A large body of literature shows that individual-level characteristics such as age, gender, health, marital status, socioeconomic status, social participation, social support, and social networks are associated with older adults' loneliness (1217). To explain these cross-country differences in late-life loneliness, many studies focus on differences in population composition between countries (6, 7, 18, 19). However, these studies invariably show that country variation in loneliness partially remains after controlling for compositional differences. This has led to an increasing awareness that loneliness is not an exclusively individual phenomenon, but is embedded in social, cultural, and material contexts (20, 21). In recent years, several researchers have taken up the gauntlet by investigating whether country-level characteristics [macro-level factors, such as societal individualism (22, 23), level of trust (24), and type of welfare regime (25)] and interactions between individual characteristics and country (micro-macro interplay) help to explain cross-country differences in late-life loneliness. Lykes and Kemmelmeier (22), for instance, examined whether the experience of older adults' loneliness is culturally related. They ranked European countries on Hofstede's index of collectivism-individualism (26), where being part of traditional kinship networks is more normative in collectivistic societies and personal choice in forming social relationships is more valued in individualistic societies. Besides higher levels of loneliness among older adults in collectivistic societies, findings show that less frequent family contact is more closely linked to loneliness in collectivistic societies, while less frequent contact with friends weighs more in individualistic societies. Zoutewelle-Terovan and Liefbroer (23), looking at the effect of non-normative life transitions (i.e., never and off-time occurrence of partnership and parenthood) on late-life loneliness in twelve European countries, examined whether cross-country variation in the size of the effects could be explained by country differences in familialism values and opinions on economic insecurity. Results show that only the effect of childlessness (compared to those who experienced having a child “on time”) was larger in countries where individuals felt more strongly attached to traditional, familialism values. Rapoliene and Aartsen (24) were interested in whether the higher prevalence of late-life loneliness in Eastern European post-totalitarian countries, compared to other European countries and Israel, can be ascribed to lower levels of trust in people (generalized trust) and in the system: although lower levels of both types of trust were observed, generalized trust and trust in the system did not appear to directly affect loneliness. Instead, a low level of generalized trust was found to lead to social disengagement, in turn increasing the likelihood of feeling lonely. A final example is the study of Nyqvist et al. (25), who explored the impact of state involvement in social welfare on late-life loneliness, directly and indirectly through individual resources (like living conditions and level of social integration). They divided 20 European countries into five welfare regimes: Nordic, Continental, Anglo-Saxon, Southern, and Eastern. The Nordic regime, known for its high extent of state involvement in social welfare, had the lowest proportion of older adults feeling lonely (some of the time, most of the time, almost all of the time), followed by the Continental and Anglo-Saxon regimes. Older adults living in the Nordic regime were less dependent on their own social resources for loneliness compared to regimes where loneliness was to a greater extent conditioned by family and other social ties. It remains unclear, however, whether these findings are actually linked to differences in level of state welfare provision, as dummies for type of regime instead of specific country-level factors (such as social welfare spending and benefit receipt) were included.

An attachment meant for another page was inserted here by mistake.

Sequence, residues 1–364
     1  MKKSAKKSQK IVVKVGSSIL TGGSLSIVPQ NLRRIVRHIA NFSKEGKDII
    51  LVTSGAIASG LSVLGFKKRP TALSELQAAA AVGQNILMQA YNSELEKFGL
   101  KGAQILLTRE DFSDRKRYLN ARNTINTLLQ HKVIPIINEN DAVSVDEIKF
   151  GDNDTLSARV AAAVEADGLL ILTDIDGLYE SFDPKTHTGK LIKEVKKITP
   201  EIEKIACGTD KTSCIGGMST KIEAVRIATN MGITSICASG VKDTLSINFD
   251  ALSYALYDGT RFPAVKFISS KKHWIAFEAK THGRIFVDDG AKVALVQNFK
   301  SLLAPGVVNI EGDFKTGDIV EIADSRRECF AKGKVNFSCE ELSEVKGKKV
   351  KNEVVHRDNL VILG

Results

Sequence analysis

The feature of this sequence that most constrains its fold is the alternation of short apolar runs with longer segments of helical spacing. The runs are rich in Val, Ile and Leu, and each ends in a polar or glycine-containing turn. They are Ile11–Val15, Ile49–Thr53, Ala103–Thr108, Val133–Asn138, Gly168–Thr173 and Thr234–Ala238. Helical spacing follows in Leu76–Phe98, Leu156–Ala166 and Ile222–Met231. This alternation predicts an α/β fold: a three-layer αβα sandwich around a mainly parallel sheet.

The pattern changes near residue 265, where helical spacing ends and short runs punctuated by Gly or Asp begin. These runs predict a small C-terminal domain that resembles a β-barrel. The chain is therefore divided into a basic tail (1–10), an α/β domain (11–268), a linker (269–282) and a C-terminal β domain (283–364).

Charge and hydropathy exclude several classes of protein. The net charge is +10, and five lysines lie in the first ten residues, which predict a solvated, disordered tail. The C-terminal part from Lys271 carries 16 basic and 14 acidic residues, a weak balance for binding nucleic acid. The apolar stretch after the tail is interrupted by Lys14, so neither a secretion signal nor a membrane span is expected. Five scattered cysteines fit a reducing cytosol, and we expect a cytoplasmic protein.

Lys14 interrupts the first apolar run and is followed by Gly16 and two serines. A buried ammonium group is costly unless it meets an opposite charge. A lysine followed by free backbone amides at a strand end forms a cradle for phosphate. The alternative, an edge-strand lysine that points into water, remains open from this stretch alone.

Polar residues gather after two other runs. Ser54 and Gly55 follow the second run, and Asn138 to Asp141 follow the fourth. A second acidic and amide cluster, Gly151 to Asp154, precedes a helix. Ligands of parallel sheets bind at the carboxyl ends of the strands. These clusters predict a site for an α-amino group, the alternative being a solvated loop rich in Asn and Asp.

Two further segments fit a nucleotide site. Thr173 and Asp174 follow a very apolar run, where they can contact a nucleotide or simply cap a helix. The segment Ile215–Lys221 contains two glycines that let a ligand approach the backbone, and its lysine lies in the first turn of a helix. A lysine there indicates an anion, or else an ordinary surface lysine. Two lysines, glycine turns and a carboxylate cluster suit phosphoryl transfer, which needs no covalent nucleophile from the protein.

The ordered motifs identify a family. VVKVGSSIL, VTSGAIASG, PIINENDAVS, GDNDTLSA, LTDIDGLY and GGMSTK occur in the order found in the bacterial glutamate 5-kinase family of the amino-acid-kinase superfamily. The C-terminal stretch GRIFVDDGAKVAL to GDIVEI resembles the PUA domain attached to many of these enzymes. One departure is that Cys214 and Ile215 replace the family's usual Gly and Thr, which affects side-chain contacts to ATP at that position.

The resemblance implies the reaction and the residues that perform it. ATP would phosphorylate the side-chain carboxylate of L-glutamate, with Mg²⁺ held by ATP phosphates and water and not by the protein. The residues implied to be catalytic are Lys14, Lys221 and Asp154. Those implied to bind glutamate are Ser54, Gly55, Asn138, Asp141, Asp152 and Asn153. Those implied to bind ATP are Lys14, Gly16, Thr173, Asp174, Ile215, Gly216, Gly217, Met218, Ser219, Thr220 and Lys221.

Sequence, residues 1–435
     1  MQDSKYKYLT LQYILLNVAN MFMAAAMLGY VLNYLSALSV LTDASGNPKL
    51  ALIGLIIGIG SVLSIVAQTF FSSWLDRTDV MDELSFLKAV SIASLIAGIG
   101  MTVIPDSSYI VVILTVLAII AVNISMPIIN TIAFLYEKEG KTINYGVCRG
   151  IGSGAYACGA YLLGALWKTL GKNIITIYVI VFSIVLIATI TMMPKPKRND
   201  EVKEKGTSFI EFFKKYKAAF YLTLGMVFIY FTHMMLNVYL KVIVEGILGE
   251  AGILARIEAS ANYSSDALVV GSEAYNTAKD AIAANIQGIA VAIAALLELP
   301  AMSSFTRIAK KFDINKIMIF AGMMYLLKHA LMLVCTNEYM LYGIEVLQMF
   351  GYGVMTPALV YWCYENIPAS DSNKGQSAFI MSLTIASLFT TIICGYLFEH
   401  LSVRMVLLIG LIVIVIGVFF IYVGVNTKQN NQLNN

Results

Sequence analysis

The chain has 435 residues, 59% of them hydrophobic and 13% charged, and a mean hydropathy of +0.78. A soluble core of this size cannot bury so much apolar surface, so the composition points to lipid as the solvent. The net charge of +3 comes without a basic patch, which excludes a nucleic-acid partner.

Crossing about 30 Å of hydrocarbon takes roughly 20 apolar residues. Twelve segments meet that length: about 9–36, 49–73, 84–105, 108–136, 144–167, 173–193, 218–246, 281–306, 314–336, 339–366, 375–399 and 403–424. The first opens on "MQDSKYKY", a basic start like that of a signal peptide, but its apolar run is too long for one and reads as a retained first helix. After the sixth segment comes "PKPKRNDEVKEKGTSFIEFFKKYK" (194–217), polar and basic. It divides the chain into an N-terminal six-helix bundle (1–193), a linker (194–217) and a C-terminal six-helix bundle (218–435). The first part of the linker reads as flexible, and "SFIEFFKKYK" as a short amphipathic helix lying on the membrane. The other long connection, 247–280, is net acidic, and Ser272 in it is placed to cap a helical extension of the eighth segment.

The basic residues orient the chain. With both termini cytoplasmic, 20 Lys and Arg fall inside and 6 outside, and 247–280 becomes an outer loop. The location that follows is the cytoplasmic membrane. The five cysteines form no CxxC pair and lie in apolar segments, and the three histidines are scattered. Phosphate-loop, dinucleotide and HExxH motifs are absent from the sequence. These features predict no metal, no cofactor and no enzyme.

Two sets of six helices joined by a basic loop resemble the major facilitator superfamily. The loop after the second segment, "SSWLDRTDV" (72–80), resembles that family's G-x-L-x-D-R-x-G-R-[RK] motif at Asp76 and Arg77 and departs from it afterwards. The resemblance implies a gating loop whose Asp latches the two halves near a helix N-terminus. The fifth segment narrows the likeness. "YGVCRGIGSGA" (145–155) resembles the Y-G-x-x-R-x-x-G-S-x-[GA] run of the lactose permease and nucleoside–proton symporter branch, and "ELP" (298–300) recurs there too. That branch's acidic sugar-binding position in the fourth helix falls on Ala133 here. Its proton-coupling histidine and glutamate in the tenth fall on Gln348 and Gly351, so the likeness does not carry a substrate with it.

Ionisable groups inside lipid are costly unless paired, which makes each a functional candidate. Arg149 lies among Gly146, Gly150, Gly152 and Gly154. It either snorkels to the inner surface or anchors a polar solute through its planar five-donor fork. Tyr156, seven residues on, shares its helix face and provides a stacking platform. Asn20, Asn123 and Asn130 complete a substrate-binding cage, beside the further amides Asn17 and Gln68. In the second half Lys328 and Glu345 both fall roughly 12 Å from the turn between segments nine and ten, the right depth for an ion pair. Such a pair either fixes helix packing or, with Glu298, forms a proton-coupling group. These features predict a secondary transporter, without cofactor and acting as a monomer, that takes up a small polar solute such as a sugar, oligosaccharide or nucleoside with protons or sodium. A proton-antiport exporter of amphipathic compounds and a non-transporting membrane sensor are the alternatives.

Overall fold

To the best of our knowledge, no research has yet been conducted on the extent to which country-level economic factors influence the effect of individual-level socioeconomic status on older adults' loneliness. This study aims to investigate this micro-macro interplay of economic factors. Specifically, we will examine the moderating effects of countries' income inequality and welfare generosity on the association between individual-level household income and loneliness in later life.